6 Microscopy: Science, Technology, Applications and Education A. We used the National Instrument Lab Windows/CVI [17] environment to write the software and the drivers. This environment was chosen because it has several distinct advantages: 1) A complete transparency to the programmer who programs in C, as there is no need to write any source code line to produce this GUI. 2) Full compatibility with ANSI C, and compatibility with C++ using an external compiler like visual C. 3) A wide support range in addressing many hardware devices and instruments. 4) Low-level support drivers for I/O port addressing. 5) A wide range of libraries for analysis, communication, and more. Figure 5 The central window of the control software Written by National Instrument Lab Windows/CVI environment. In the centre of the screen - a raw data of graphite picture (3nm by 3nm in size) without image processing, is shown. Additionally, the software has options of image processing, displaying cross sections of the XY plane and displaying a 3-D picture. Figure 5 presents the central window of the control software [18]. The software is very simple to operate as all of the operations can be executed through this window. The user can choose between two scanning resolutions: 128 or 256 pixels per picture. The buttons on the right side (Stepper) belong to the course approach mechanism and allow control of the stepper motor. Before the scanning operation, the user must execute an approach command until detecting a tunneling current. On the left side (Definition), there are scanning controls that determine the work parameters: voltage supplied to the junction, the tunneling current, the scanning range, and the offset. The bottom buttons allow: starting the scan, stopping the scan, stopping and keeping the last scan frame, and erasing a picture. At the centre of the screen a picture is received dynamically during the scan process. In Figure 5, raw data of a graphite picture (3nm by 3nm in size), without image processing, is shown. Additionally, the software has options of image processing, displaying cross sections of the XY plane and displaying a 3-D picture. 6. Costs and Specifications The central motif in building the system was achieving atomic resolution at a very low cost. The overall cost for the system, produced in a quantity of 10 units, is around $500. A production cost such as this allows for a user cost of less than $5,000. The specifications for the system appear in the following table: FORMATEX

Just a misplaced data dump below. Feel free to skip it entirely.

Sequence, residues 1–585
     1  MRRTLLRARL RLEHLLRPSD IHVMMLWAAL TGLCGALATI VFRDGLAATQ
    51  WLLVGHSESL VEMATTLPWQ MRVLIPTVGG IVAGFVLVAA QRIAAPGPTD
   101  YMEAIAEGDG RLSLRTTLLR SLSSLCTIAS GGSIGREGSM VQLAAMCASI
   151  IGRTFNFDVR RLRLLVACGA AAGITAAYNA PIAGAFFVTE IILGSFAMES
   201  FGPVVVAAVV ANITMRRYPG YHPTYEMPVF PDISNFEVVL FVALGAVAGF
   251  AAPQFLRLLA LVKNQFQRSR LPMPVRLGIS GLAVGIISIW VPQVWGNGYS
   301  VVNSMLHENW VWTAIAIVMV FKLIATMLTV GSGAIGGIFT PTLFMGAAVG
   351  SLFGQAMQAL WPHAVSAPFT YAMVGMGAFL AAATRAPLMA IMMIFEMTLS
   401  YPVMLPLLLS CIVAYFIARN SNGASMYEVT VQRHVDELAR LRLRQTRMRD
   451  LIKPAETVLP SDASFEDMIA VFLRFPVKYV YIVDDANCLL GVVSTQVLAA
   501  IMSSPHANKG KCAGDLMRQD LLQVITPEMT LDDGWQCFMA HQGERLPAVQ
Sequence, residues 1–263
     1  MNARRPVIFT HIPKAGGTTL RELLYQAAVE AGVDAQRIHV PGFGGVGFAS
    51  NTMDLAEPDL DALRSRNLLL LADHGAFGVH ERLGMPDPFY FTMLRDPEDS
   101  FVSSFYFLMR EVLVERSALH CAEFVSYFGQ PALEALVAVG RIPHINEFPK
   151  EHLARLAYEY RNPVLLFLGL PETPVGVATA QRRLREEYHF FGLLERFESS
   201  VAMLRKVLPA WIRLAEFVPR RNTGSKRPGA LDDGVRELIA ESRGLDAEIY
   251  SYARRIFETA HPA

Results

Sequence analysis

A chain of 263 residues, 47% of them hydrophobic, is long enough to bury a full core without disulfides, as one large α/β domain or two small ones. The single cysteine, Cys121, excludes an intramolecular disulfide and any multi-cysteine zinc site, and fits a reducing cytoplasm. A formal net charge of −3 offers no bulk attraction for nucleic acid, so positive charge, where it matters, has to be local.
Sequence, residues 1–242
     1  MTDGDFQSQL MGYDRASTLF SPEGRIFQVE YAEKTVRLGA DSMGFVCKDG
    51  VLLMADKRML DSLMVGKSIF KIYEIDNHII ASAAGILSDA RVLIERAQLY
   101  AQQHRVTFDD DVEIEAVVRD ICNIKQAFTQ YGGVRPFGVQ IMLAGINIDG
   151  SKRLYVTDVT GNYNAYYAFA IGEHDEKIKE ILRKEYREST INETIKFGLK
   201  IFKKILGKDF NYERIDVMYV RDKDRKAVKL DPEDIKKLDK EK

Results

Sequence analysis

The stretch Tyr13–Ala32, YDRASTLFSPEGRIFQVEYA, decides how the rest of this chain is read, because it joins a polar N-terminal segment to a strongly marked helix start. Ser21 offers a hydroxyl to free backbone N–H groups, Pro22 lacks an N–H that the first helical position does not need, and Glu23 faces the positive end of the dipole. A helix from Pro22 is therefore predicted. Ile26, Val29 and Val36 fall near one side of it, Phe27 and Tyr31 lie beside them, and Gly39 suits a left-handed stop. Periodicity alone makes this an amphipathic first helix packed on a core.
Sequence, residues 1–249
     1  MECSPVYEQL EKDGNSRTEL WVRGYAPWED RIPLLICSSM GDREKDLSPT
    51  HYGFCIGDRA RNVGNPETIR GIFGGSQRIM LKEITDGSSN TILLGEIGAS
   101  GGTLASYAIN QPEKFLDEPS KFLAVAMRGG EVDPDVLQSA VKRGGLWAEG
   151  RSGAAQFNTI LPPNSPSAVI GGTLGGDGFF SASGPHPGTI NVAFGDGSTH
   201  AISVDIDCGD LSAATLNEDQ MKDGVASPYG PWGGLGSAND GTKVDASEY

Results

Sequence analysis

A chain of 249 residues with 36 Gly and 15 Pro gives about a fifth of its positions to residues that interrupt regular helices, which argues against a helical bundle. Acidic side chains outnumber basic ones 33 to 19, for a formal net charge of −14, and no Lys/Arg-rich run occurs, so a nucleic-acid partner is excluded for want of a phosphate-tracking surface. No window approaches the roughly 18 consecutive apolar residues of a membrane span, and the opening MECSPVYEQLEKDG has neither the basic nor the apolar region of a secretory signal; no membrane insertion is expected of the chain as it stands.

7 A. Table 1 System Parameter Scan Range Step Size Maximum Sample Size Probe Controller Dimension Head Dimension Computer interface GUI Platform Operation System The educational STM specifications. Value 1 µm XYZ mm Platinum-Iridium 10 x 15 x 20 cm 10 x 12 x 10 cm USB or EPP CVI Software Windows, Linux References [1] G. Binning, H. Rohrer, Ch. Gerber and E. Weibel, Appl. Phys. Lett. 40, 178 (1982) [2] Y. Kuk & P. J. Silverman, Rev. Sci. Instrum. 60, (1989) [3] G. Binnig, C. Quate & C. Gerber, Phys. Rev. Lett. 56, 930 (1986). [4] D.W. Pohl, W. Denk and M. Lanz, Appl. Phys. Lett. 44, 651 (1984). [5] U. During, D.W. Pohl and F. Rohner, J. Appl. Phys. 59 (10), 3318 (1986). [6] J. W. Lyding, S. Skala, J. S. Hubacek, R. Brockenbrough, G. Gammie, Rev. Sci. Instrum. 59, (1988). [7] Anjan K. Gupta and K. W. Ng, Rev. Sci. Instrum. 72, 3552 (2001). [8] James Friend, Akira Umeshima, Takaaki Ishii, Kentaro Nakamura, Sadayuki Ueha, Sensors and Actuators A, 109, 242 (2004). [9] D. R. Peale, and B. H. Cooper, J. Vac. Sci. Technol. A 8, 345 (1990). [10] K. Besocke, Surf. Sci. 181, 145 (1987). [11] D.W. Pohl, Surf. Sci. 181, 174 (1987). [12] M. Anders, M. Thear, and C. heiden, Surf. Sci. 181, 177 (1987). [13] S. Kleindiek and K. H. Herrmann, Rev. Sci. Instrum. 64, 692 (1993). [14] E. Flaxer, Rev. Sci. Instrum, 79, (2008). [15] E. Flaxer, Ultramicroscopy, 108, (2008) [16] E. Flaxer, Measurement Science and Technology, 17, N45-N47 (2006). [17] National Instruments - [18]Flaxer Engineering Solutions FORMATEX 2010